How do I approach this book? I want to be honest, but I don’t want to be too over the top in either direction. I received a copy of Marionette via the author, who is a great blogging buddy, and this is my honest response and I received no compensation for my response.
I guess I’ll just rip the band-aid off. I HATED the first half of the book. (Sorry TBM!)
I can’t put a finger on it, but I’ll call it sophomore slump. I’ll talk more later in the response, but I just could not identify with Paige even though there was a great line which convinced me I was going to! TBM’s first book, A Woman Lost, was a phenomenal debut novel, but this one fell short (at least for the first half of the book). However, with that said, the last half of the book was AMAZING (mostly :-D).
This was a surprising read and I thoroughly enjoyed it. Unlike many of the ‘classics’ I’ve read the writing style and even the vernacular speech patterns were easy to read and kept the story constantly moving forward. This book counts for my Mount TBR and Back to the Classics reading challenges and is also on my Classics’ Club List.
I didn’t have to read this in school and I’m actually glad I didn’t. I know if it was a requirement to read this in high school I would not have had a good reaction to it. I mean, don’t get me wrong, I was an above average student when I applied myself, but I just would not have found this book interesting or a good read. And, to be honest, I’m a little shocked I did find it as interesting as I did with the strong basis in religion the author clearly had. But somehow it wasn’t so overpowering that it turned me off from the story/novel so well done.
If possible, Persepolis 2: The Story of a Return was better than Satrapi’s first graphic novel Persepolis: A Story of Childhood. Don’t get me wrong, they were both great and the first one’s wit and humor (from the perspective of a 10-year-old) was better placed and timed, but this novel just dealt with adult issues an early 20s individual faces and thus I identified more with it.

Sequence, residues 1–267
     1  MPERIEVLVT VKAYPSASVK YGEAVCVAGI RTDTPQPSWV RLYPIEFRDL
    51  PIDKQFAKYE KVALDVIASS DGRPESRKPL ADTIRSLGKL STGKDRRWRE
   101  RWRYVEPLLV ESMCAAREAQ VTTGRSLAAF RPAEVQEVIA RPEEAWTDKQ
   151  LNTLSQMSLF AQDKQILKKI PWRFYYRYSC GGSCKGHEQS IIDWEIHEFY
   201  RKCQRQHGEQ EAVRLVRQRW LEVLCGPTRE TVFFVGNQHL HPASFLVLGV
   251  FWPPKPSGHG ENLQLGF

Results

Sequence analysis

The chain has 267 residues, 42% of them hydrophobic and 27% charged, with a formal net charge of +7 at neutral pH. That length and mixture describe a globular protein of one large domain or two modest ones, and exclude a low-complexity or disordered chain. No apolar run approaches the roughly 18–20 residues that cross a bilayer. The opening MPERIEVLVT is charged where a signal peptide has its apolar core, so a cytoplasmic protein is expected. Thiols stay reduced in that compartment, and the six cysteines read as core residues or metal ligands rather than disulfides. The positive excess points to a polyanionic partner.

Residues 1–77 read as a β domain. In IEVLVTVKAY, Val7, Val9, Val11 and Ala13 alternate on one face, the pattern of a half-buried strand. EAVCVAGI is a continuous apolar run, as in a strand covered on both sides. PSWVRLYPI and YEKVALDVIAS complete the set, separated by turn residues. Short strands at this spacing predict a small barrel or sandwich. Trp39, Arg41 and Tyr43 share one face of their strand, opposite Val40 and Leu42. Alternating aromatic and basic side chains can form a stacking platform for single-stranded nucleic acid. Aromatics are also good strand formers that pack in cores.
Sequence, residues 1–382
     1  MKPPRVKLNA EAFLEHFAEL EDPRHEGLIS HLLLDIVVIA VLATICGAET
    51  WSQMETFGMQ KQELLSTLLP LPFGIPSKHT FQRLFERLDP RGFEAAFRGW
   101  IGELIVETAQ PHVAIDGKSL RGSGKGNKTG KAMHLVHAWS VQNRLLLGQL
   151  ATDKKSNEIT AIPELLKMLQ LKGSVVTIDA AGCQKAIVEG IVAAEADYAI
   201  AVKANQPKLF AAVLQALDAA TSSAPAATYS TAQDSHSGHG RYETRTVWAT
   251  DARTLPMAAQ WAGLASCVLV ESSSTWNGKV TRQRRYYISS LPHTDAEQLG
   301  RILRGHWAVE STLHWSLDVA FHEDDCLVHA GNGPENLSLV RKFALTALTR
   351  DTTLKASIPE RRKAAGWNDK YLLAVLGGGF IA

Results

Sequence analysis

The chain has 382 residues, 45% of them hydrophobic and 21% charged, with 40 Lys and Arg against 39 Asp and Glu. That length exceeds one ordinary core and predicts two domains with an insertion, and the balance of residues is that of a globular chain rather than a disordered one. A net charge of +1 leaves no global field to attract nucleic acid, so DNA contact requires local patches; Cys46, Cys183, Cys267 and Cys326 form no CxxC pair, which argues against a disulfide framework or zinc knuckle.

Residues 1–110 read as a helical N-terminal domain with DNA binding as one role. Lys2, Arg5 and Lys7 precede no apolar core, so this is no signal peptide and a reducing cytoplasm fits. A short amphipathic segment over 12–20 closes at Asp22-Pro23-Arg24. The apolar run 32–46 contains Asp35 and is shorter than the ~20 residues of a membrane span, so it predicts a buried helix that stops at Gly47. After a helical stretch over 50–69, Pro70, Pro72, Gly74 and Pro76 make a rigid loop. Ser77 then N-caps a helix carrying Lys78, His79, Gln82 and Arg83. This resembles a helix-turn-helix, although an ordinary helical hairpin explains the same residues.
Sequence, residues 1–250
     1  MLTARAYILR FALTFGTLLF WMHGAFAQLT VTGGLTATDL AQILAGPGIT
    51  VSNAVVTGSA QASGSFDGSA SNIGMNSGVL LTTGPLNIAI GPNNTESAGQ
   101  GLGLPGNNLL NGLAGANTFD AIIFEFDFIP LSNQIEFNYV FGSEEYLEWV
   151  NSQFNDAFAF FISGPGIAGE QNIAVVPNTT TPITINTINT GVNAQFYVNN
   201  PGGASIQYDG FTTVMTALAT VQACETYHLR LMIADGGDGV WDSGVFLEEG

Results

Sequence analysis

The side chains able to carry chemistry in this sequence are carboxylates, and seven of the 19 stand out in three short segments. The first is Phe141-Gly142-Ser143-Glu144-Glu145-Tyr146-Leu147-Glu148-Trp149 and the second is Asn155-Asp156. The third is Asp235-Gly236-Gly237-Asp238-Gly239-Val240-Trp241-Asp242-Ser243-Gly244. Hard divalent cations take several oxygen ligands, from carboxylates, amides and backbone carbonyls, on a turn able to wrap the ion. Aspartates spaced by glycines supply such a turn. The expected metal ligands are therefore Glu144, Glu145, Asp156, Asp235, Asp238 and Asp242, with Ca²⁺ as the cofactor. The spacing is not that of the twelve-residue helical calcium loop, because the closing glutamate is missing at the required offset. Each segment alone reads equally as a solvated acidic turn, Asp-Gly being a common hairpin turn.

I sill say, however, that this book provided less history and explanation about the revolution and continuing Islamization of Iran than the first and focused more on the challenges Marjane and other young women faced as women under the new rule from the stricter veiling and gender segregation to the lack of freedom of mobility and education for women and mandatory military service for young men.
I flew through this book and will need to read it again to savor more of the story. When I say I flew, I mean I read it in just over an hour. I read every bit of it and even glorified in the illustration a few times, but I’m moving on to Persepolis 2: The Story of a Return.
I’ve wanted to see the film adaptation for a long time, but I never got around to seeing it. I’ve seen previews for it on many of the other films I’ve watched but I never took the initiative to seek out the film. So when our books into movies book group started to discuss a graphic novel I put this one out there and we selected it! I’m very glad I did and I’m still super excited about seeing the film. I believe the film encompasses both volumes of the story, but I won’t know until I watch it. I’m reading both volumes as if you remember I picked them up for helping out at the local library book sale.
Seriously, I’m not sure whether this is a problem or not. I don’t think it’s a bad thing, but it’s definitely not a good thing when it comes to my already skewed sense of romance and the world! But what can I say, they are a great escape and I’ve fallen for them! Can’t wait for the next one to be released.
The last two novels in this series (Covet Thy Neighbor and Never a Hero) have seriously raised the bar. I read both of them in the same day and felt that either the authors had matured since their last outing in Tucker Springs or they’ve both reached their stride in the Tucker Springs universe and I can’t wait to see what comes next. I received a copy of this book from the publisher and received no compensation for my honest response.